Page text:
Faculty: Rolf Nelson

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PSY 225: Brain, Mind and Behavior

An introduction to biopsychology through a survey of topics that focus on the structure, function, and development of the nervous system as well as how this system produces various behaviors such as sensation and perception, sleep, language, learning, and clinical disorders. Satisfies SS requirement.

Faculty: Lisa Maeng

REL 102: Introduction to the Study of World Religions

A survey of the major world religions for the beginning student. Religions discussed will include indigenous religions (American Indian and African traditions), religions of India (Hinduism, Jainism and Buddhism), China (Taoism and Confucianism) and those originating in the Middle East (Judaism, Christianity and Islam). Religion will be considered as a worldview expressed through doctrine, myth, ethical system, ritual, personal experience and society. Satisfies AH requirement.

Faculty: Barbara Darling

RUSS 281: Russian Arts and Culture

An overview of Russian art, primarily but not solely painting. (Includes a quick look at ballet and opera, and classical as well as bard and underground rock music.) We will cover medieval icons, traditional folk art and wooden architecture; Realism and socially engaged canvases; Soviet political propaganda and monumental art, unofficial dissident art, and pay special attention to the Avant-Garde. Satisfies AH requirement.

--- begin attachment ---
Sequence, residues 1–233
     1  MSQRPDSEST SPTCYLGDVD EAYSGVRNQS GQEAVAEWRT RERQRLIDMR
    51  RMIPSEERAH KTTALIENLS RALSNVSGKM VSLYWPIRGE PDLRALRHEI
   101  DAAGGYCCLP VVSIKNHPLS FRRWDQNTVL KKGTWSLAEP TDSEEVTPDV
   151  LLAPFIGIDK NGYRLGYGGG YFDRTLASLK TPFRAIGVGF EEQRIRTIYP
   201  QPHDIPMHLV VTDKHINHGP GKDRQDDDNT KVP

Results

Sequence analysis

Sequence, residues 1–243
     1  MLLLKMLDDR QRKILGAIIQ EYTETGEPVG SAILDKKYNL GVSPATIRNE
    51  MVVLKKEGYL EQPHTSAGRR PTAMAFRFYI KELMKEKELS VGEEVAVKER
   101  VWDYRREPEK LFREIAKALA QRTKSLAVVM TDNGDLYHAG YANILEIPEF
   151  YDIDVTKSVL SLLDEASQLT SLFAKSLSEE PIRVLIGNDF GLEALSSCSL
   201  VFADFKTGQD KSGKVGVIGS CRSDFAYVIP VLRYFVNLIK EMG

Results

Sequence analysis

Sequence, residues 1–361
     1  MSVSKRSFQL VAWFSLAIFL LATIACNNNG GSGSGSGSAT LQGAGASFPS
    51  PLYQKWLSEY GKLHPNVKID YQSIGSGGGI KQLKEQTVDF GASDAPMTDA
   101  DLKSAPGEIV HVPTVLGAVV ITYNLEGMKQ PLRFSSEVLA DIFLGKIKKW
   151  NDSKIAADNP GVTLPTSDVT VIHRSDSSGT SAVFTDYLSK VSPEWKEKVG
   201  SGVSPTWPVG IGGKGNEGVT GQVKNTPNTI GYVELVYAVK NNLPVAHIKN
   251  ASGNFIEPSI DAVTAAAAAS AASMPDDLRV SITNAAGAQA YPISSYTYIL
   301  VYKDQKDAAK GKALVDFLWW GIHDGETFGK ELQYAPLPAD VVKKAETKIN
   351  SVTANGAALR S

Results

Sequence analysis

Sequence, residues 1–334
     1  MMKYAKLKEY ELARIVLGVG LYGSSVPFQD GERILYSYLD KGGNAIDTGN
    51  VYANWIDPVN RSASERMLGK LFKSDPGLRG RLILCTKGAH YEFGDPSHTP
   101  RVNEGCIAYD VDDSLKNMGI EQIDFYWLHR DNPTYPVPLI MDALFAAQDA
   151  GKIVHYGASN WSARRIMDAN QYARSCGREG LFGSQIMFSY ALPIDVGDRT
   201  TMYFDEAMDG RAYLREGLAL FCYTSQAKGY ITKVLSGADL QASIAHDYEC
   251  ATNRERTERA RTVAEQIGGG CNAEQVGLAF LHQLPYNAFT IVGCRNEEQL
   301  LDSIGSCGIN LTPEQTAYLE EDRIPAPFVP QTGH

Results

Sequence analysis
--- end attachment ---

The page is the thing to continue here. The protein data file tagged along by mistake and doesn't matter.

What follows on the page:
Faculty: Francoise Rosset

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Summer Session II

Wednesday, July 8 – Thursday, July 30, 2020

COMP 115: Introduction to Programming: Robots, Games and Problem Solving

This course will explore problem-solving techniques and algorithm development with an emphasis on program design, introductory numerical methods, and object-oriented programming. This course is intended for those seeking a thorough and rigorous but introductory exposure to programming. Topics covered will include programming language syntax (Python v3), coding, debugging, testing and good documentation style. Concepts studied will include arithmetic and logical operations, file input and output, functions, and the introductory data structures of arrays/lists and classes. No previous programming experience is required. In addition to coursework, you will have the opportunity to use cutting-edge tools in Wheaton makerspaces (such as 3-D printers, a laser printer/engraver, and a digital jacquard loom), as well as engage with visiting tech professionals.

MGMT 111: Fundamentals of Business

This course will provide an overview and understanding of the major functions and activities of the business world, including international business. All fundamentals will be explored: ethics, organizational behavior, leadership, human resources, communication, product conception, finance, operations, and marketing. Working as a team, you will develop a business plan for a theoretical business of your team’s choice, applying and integrating the skills you learn in this course while working creatively and collaboratively. Case studies and current events will be analyzed, and a strong emphasis will be placed on participation, communication, and teamwork. In addition to coursework, you will have opportunities to learn from and network with area business professionals, gaining valuable exposure to professional life after college.